Please Note: This article is written for users of the following Microsoft Word versions: 2007, 2010, and 2013. If you are using an earlier version (Word 2003 or earlier), this tip may not work for you. For a version of this tip written specifically for earlier versions of Word, click here: Viewing Comments From a Specific Reviewer.

Viewing Comments From a Specific Reviewer

by Allen Wyatt
(last updated June 2, 2016)

Each comment you enter into a document includes the initials of the person who created the comment. Word keeps track of who entered the comments, and can easily show you the comments of a specific person. To take advantage of this way of viewing comments, follow these steps:

  1. Make sure that you are viewing comments.
  2. Display the Review tab of the ribbon.
  3. In the Tracking group, click the Show Markup drop-down list. When you choose the Reviewers option from the list, you see a list of different reviewers who have made comments in the document.
  4. Hide or display comments from individual reviewers by selecting their names from the list.

WordTips is your source for cost-effective Microsoft Word training. (Microsoft Word is the most popular word processing software in the world.) This tip (11814) applies to Microsoft Word 2007, 2010, and 2013. You can find a version of this tip for the older menu interface of Word here: Viewing Comments From a Specific Reviewer.

Author Bio

Allen Wyatt

With more than 50 non-fiction books and numerous magazine articles to his credit, Allen Wyatt is an internationally recognized author. He is president of Sharon Parq Associates, a computer and publishing services company. ...

MORE FROM ALLEN

Adding an Ellipsis to the Beginning of Some Paragraphs

The Find and Replace feature of Word is very powerful. You can even use it to add a unique character to the beginning of ...

Discover More

Unable to Edit Document with Embedded Fonts

What are you to do if you embed fonts in a document and then someone else cannot make changes to that document? Chances ...

Discover More

Changing Lots of Title Properties

Word maintains a collection of descriptive properties for each document you create. One of these properties is the Title ...

Discover More

The First and Last Word on Word! Bestselling For Dummies author Dan Gookin puts his usual fun and friendly candor back to work to show you how to navigate Word 2013. Spend more time working and less time trying to figure it all out! Check out Word 2013 For Dummies today!

More WordTips (ribbon)

Printing Comments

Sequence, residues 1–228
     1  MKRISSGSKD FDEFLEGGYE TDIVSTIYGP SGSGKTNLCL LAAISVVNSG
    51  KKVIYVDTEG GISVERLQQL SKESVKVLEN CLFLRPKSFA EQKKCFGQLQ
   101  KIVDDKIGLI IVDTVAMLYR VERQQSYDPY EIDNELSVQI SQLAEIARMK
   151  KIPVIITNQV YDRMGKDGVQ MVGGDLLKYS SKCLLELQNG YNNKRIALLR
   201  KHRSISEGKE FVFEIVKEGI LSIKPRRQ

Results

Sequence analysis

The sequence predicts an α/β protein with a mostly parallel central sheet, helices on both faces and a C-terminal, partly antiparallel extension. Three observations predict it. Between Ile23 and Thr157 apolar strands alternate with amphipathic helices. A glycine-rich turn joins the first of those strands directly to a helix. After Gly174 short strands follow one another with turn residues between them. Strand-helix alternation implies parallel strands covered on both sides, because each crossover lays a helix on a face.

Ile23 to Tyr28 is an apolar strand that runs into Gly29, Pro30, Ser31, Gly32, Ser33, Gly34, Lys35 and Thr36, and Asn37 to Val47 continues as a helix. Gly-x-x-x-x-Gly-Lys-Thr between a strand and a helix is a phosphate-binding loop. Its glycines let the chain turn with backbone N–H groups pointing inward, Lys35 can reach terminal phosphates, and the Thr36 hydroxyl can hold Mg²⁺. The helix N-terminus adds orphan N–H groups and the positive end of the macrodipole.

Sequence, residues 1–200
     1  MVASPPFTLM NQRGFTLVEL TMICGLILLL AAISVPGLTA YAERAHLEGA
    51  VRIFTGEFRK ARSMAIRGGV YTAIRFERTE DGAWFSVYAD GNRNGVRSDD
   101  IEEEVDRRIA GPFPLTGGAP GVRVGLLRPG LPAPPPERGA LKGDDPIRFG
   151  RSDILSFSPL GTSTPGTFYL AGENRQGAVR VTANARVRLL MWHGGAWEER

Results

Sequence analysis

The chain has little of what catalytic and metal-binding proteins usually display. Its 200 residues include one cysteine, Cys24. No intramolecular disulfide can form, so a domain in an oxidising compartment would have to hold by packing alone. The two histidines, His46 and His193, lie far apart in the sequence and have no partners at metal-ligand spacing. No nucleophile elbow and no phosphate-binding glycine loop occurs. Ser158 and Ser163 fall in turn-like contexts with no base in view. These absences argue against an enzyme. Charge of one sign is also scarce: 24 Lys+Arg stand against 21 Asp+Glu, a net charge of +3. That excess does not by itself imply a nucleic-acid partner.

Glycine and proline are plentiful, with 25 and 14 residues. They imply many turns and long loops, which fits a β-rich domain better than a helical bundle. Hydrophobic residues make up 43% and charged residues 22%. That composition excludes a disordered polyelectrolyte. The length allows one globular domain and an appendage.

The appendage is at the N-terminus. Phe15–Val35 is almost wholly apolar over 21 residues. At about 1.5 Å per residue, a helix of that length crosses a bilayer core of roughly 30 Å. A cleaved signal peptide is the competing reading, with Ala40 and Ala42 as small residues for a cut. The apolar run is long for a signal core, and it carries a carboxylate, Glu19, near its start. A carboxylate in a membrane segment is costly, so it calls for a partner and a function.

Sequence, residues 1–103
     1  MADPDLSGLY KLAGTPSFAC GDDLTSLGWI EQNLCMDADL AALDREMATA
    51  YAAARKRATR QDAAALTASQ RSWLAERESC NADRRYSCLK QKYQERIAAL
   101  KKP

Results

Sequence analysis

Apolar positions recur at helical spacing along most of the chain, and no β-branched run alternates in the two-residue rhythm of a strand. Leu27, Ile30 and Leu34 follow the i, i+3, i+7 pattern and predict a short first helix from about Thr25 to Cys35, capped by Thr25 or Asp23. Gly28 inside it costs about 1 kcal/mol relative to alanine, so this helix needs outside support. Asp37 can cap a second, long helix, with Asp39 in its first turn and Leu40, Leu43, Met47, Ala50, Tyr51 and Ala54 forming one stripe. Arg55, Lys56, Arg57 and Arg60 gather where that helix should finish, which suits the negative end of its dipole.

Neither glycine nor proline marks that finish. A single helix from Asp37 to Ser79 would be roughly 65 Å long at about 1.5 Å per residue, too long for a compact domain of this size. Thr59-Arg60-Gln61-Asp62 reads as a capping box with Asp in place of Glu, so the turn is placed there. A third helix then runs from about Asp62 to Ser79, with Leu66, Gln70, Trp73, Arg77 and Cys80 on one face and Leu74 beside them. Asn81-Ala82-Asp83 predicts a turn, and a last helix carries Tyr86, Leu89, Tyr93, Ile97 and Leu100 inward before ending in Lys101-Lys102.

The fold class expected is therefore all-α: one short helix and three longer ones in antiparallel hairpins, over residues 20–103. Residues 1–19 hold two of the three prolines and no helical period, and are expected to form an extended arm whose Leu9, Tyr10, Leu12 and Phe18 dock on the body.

Comments are a great way to share, well, comments with other people looking through your documents. If you want to print ...

Discover More

Deleting All Comments

Have comments in your document? Want to get rid of them all? The easiest way to do so is going to depend on the ...

Discover More

Comments in Text Boxes

If you use text boxes in your documents, you may sometime want to place a comment in the text box, the same as you can do ...

Discover More
Subscribe

FREE SERVICE: Get tips like this every week in WordTips, a free productivity newsletter. Enter your address and click "Subscribe."

View most recent newsletter.

Comments

If you would like to add an image to your comment (not an avatar, but an image to help in making the point of your comment), include the characters [{fig}] in your comment text. You’ll be prompted to upload your image when you submit the comment. Maximum image size is 6Mpixels. Images larger than 600px wide or 1000px tall will be reduced. Up to three images may be included in a comment. All images are subject to review. Commenting privileges may be curtailed if inappropriate images are posted.

What is 6 + 8?

There are currently no comments for this tip. (Be the first to leave your comment—just use the simple form above!)


This Site

Got a version of Word that uses the ribbon interface (Word 2007 or later)? This site is for you! If you use an earlier version of Word, visit our WordTips site focusing on the menu interface.

Newest Tips
Subscribe

FREE SERVICE: Get tips like this every week in WordTips, a free productivity newsletter. Enter your address and click "Subscribe."

(Your e-mail address is not shared with anyone, ever.)

View the most recent newsletter.